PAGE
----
The Mode‐2 genes are significantly enriched with genes bound by eight transcription factors (Supplementary Table S5), of which six (TEC1, STE12, PHD1, SOK2, ROX1, and SKN7) were known to have filamentous‐growth‐related phenotypes. Subsequently, we found that deletions of the other two (MOT3 and SKO1) have filamentation phenotypes (see below).
Three (TEC1, CUP9, and SFL1) of the five transcription factor seed genes had significant influences on the Mode‐2 expression component (Supplementary information). These influences were positive, and represent the genetically ‘direct’ effects of these seed genes on the expression of the Mode‐2 genes. We found the shortest paths of molecular interactions to connect these three seed genes to the enriched transcription factors, although in some cases involving SFL1, no paths shorter than five interactions could be found. This procedure generated the Mode‐2 network (Figure 4B), mapping specific molecular paths of putative influence. Through inclusion in the Mode‐2 network, this process implicated three additional transcription factor genes: YAP6, CIN5, and UME6.
To initially probe the predictive value of the Mode‐2 network, we constructed deletions of the newly implicated transcription factor genes YAP6, CIN5, UME6, MOT3, and SKO1 and assayed the filamentation phenotype. UME6 deletion was lethal in the filamentation‐competent ∑1278b yeast background. All other deletions of transcription factor genes implicated by the Mode‐2 network showed a filamentation phenotype: yap6Δ and sko1Δ mutants had filamentation defects, the mot3Δ mutant was strongly hyper‐filamentous, and the cin5Δ mutant was marginally hypo‐filamentous.
We then tested the capacity of the model to predict specific phenotypes for 13 novel combinatorial deletions. Predictions were based on three topological motifs present in the Mode‐2 network and corresponding quantitative expectations (Figure 4C; Supplementary information). The model rendered predictions of both the phenotype of the double mutant (hyper, hypo, or wild‐type filamentation) and the exact inequalities that order the observed phenotypes of the wild type, the two single mutants, and the double mutant on a scale of filamentation. For example, if a deletion of gene A is hyper‐filamentous and epistatic to a hypo‐filamentous deletion of gene B, the inequality would be BΔ<wt<AΔ=AΔBΔ. There are 75 possible inequalities (Drees et al, 2005); we predicted one of these for each of the 13 novel double mutants.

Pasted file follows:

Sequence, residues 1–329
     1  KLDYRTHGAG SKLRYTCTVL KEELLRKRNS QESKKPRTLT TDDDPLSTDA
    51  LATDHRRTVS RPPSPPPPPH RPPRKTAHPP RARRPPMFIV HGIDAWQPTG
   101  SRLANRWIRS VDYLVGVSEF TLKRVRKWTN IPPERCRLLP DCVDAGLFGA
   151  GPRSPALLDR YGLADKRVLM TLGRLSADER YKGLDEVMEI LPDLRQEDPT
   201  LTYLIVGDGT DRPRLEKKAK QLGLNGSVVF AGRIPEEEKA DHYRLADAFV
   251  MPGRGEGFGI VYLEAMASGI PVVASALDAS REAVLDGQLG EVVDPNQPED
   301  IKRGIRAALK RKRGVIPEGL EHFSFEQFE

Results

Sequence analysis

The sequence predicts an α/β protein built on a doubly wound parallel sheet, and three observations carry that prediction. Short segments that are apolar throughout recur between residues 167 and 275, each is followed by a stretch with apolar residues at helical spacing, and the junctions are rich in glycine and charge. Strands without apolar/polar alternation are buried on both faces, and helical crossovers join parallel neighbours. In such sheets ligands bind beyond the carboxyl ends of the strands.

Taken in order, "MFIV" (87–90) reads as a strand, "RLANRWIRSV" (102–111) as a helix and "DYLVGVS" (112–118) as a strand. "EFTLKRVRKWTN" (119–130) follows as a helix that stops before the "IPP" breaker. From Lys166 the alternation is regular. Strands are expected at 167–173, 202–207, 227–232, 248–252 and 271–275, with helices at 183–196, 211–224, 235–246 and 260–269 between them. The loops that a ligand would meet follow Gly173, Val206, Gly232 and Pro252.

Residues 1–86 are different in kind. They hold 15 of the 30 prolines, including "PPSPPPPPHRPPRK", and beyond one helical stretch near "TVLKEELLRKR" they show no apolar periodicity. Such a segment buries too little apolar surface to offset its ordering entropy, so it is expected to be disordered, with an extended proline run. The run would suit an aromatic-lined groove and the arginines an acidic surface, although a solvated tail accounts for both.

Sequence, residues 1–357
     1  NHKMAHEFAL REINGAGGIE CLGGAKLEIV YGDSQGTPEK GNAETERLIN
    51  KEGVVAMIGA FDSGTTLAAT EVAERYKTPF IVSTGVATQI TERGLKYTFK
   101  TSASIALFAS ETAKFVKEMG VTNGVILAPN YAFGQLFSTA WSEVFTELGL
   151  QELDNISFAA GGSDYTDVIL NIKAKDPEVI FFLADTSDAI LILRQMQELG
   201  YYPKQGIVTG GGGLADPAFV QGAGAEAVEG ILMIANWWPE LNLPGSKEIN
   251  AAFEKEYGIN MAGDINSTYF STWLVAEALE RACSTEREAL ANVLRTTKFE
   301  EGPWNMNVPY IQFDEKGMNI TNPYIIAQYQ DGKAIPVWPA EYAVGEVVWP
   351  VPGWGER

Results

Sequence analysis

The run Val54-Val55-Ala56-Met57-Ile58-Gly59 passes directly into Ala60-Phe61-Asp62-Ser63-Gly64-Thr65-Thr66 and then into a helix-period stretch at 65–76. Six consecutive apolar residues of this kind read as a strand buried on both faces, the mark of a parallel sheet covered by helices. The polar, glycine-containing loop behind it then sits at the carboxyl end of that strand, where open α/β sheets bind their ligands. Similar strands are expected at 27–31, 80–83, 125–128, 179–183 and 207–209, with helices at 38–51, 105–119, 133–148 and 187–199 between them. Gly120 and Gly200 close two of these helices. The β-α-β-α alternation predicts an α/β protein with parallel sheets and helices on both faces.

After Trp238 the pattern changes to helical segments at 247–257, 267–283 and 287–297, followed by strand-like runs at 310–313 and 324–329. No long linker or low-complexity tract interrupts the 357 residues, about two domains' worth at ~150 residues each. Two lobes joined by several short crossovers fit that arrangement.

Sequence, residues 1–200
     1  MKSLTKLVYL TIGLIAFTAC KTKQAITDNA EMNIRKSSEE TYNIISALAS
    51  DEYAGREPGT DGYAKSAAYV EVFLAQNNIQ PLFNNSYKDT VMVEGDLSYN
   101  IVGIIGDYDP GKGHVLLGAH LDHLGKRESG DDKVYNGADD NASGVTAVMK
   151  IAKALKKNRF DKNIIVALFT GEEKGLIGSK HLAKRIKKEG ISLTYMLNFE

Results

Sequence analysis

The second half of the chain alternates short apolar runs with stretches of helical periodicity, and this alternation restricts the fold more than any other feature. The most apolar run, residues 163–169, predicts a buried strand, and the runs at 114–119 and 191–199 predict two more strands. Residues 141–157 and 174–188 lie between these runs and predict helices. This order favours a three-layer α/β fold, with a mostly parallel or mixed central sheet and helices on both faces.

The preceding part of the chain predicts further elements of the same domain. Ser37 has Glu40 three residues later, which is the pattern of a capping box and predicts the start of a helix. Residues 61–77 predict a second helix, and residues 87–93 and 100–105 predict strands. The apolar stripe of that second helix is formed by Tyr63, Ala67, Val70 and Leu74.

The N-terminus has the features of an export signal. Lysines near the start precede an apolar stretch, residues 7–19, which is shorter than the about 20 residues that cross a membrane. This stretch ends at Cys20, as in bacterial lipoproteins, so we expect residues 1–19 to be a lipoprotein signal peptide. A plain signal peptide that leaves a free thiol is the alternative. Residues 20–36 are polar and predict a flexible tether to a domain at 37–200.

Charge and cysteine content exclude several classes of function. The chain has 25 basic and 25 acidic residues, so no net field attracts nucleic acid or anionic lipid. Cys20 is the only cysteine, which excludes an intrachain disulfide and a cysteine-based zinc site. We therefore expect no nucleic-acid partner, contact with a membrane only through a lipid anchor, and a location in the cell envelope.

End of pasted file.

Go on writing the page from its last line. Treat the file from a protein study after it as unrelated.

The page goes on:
Table 2 lists the predictions and experimental observations of the double‐mutant phenotypes and phenotype inequalities. We assessed the accuracy of the model predictions by comparison with results generated from a training set of 1809 genetic interactions for invasive growth (Drees et al, 2005), a closely related phenotype (Supplementary information). The model correctly predicted all 13 double‐mutant phenotypes, which was a very unlikely outcome using the training set (P=0.0002). Six of the 13 phenotype inequalities proved correct, which is also a significant improvement over the training set (P=0.009) due to the much larger number of possible outcomes. Note also that all of the incorrect phenotype‐inequality predictions differed minimally from the observed phenotype inequalities.
The model of filamentous growth control based on the Mode‐2 network (Figure 4B) contains many genes known to be involved in filamentation. For example, the MAP‐kinase Kss1 is correctly implicated as passing a positive influence on gene expression by derepressing the transcription factors Tec1 and Ste12 (Madhani et al, 1997). The network also implicated new regulators of filamentation (Yap6, Mot3, and Sko1) that were verified experimentally, and proposes new information flows where molecular support is currently sparse, such as a positive influence from SFL1 on binding targets of SKO1.
In addition to implicating genes, our approach was often able to correctly infer functional relationships between genes that control filamentous growth. This is evident in the broad success in predicting double‐mutant expression profiles (Table I) and phenotypes (Table II). In particular, all predictions involving YAP6 deletions proved accurate for both phenotype (P=0.02) and phenotype inequality (P=0.006), suggesting that its regulatory role in the network was mapped correctly. Predictions based on parallel and serial network topologies (Figure 4C) were also superior to the training set (phenotypes P=0.03 for both; inequalities P=0.04 and P=0.006, respectively). Furthermore, the model was able to accurately predict both filamentation phenotypes and the phenotype inequalities of all four double mutants in which the single mutants had opposite phenotypes, which would have been highly unlikely using the training set (P=0.009 and P=0.0002, respectively). The model is further supported by successful gene expression predictions for novel double‐mutant strains. Although the control model was able to recover basic trends in the data, the predictions from our genetic‐interactions model were significantly more accurate (Table I).
Notwithstanding the successful performance of our approach, its linear approximation may over‐simplify many functional relationships and may miss complicated regulatory effects that are not as relevant for modeling genome‐wide transcript levels. Dynamic modeling of the seed gene network could encompass nonlinear, post‐transcriptional influences and feedback loops that often lead to more complex effects. Potential transcriptional feedback loops are apparent for CUP9 in the Mode‐2 network (Figure 4B), as Tec1, Ste12, Phd1, Sok2, and Mot3 bind its promoter (Harbison et al, 2004; Borneman et al, 2006). Dynamic modeling of these small networks might explain, for example, how the seed genes interact to generate their diverse single‐mutant phenotypes.